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Discussion Starter · #1 ·
Hello all,

Does anyone know if the compression adjustment screws on the front fork lowers of a TBS can be removed and repaired? If so is it a simple job or does it require a fork rebuild?

Mine have seized and I was going to heat them up and attack them with an impact driver. If it's possible to remove them easily I'll pop them out and clean them up (or replace them).

I don't know how they interact with the fork internals and didn't want to remove them without consultation.

Cheers,

Wayne
 

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I rebuilt my forks last year after I had them powder coated. I was concerned the brass adjustment screws would be affected by the heat during the process but luckily they were not. I took the time to examine them in hopes they could be removed but after a call to the local dealer was advised they were pressed in and had a rubber seal somewhere on the inner portion. In my trials they will only back out so far, I applied considerable force to attempt to remove them but feared damaging them so gave up. The fork lowers are NOT cheap so I'd recommend not going at them with an impact driver for sure. As they’re brass they are pretty soft. Try PB Blaster and maybe a bit of heat (remember that alleged rubber seal) and twist back and forth with a screw driver until free. As it's brass in aluminum it's probably oxidisation more than anything else causing the binding.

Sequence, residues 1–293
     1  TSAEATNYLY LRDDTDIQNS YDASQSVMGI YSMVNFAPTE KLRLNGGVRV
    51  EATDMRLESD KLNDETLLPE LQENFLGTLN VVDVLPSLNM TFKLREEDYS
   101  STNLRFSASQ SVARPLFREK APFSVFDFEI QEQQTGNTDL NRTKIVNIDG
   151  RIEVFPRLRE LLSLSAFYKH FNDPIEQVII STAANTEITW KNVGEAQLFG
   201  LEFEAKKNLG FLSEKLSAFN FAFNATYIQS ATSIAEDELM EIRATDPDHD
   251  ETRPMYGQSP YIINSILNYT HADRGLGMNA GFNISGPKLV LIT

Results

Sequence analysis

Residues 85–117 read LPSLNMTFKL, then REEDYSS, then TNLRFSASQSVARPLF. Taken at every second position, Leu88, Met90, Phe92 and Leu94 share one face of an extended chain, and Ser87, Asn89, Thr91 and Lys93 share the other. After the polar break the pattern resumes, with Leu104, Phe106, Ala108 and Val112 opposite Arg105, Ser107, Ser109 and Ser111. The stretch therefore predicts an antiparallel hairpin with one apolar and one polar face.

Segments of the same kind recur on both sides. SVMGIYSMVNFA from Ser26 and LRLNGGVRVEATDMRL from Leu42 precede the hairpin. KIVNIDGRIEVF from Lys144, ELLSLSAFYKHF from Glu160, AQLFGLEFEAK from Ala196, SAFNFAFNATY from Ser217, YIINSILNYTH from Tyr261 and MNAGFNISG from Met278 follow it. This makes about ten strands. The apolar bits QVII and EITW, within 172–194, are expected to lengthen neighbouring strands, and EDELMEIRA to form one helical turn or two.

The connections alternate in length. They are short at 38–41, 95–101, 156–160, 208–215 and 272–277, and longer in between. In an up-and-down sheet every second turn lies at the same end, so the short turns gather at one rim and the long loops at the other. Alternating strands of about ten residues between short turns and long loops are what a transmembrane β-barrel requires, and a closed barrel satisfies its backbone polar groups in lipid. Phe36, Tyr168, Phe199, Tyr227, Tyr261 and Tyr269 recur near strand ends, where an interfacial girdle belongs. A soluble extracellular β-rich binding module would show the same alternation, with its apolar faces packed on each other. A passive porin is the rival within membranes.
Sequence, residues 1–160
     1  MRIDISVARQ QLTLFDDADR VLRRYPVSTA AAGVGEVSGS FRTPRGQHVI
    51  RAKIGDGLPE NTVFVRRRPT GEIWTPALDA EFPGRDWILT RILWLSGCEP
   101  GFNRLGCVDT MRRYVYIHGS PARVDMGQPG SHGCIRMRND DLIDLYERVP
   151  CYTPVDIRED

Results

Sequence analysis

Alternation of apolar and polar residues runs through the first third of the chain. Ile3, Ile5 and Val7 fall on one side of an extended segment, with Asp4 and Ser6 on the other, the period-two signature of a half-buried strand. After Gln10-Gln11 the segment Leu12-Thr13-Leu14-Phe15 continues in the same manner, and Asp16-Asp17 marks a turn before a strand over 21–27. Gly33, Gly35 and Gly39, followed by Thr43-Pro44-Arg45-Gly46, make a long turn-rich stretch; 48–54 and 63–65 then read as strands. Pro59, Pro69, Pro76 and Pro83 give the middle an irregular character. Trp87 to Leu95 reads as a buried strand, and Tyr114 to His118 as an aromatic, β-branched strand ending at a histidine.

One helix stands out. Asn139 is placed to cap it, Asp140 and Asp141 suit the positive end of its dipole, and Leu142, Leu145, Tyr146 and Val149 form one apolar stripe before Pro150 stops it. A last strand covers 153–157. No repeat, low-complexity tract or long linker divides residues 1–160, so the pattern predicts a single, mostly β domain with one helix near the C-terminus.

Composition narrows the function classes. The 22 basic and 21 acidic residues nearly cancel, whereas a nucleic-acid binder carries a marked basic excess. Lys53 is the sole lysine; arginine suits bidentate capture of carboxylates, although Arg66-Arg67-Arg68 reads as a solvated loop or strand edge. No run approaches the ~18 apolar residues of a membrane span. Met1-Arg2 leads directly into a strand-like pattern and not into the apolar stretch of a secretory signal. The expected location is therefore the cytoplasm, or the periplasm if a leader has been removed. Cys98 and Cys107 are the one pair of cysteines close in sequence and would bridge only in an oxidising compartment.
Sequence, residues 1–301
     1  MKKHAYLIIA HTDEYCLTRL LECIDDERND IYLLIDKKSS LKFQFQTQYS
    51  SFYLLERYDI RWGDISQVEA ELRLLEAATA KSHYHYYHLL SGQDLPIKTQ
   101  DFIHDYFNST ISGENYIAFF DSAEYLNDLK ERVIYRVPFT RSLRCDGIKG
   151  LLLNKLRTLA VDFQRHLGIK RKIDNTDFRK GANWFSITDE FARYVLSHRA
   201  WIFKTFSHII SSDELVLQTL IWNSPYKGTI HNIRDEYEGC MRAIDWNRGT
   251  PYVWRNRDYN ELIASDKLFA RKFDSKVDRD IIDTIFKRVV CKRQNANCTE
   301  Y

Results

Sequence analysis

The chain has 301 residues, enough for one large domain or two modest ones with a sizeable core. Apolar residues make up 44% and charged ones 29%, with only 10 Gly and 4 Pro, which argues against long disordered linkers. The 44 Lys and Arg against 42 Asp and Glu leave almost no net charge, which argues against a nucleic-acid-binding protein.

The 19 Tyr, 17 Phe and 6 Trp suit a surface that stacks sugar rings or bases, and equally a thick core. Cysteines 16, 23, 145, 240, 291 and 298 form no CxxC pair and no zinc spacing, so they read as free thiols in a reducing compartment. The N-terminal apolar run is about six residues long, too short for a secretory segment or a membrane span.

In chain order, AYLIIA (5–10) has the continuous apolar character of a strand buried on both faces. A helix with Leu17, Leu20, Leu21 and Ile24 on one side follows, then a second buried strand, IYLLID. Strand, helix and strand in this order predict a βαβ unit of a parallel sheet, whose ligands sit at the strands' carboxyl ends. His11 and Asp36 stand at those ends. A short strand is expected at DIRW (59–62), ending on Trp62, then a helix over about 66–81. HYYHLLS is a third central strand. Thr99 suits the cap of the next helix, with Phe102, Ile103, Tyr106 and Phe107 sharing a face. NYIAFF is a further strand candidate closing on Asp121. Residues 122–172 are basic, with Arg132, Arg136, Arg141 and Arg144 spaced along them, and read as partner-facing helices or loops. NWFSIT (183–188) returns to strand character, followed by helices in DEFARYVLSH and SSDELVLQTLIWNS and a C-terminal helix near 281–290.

As for their interaction with the internals.... it doesn't look like they come into contact with anything inside but you can see the brass "shaft" at the bottom of the fork lower and as such.. If they snap off you may end up with a mess of fork oil and a lame horse until the lower is repaired or replaced.

Hope that helps!
 

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My recommendation would be to take off the forks and stand them in an oil bath or pb blaster for a few days - then carefully start to work the screws - get a good quality - good fitting driver. I would not try to remove them or use any sort of impact tool - other than I might be tempted to give a solid knock straight onto the screw head with a suitable soft drift to help break a corrosion seal. Go at this carefully, patiently and persistently - never use great force - you should be able to free them - though it may take a little while.
 

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Discussion Starter · #4 ·
Thanks for the help guys. I have a few other issues to see to first but I'll report back when I've had time to try your advise.

It looks like it'll be a slow process to get them freed but forewarned is forearmed as they say.

Wayne
 
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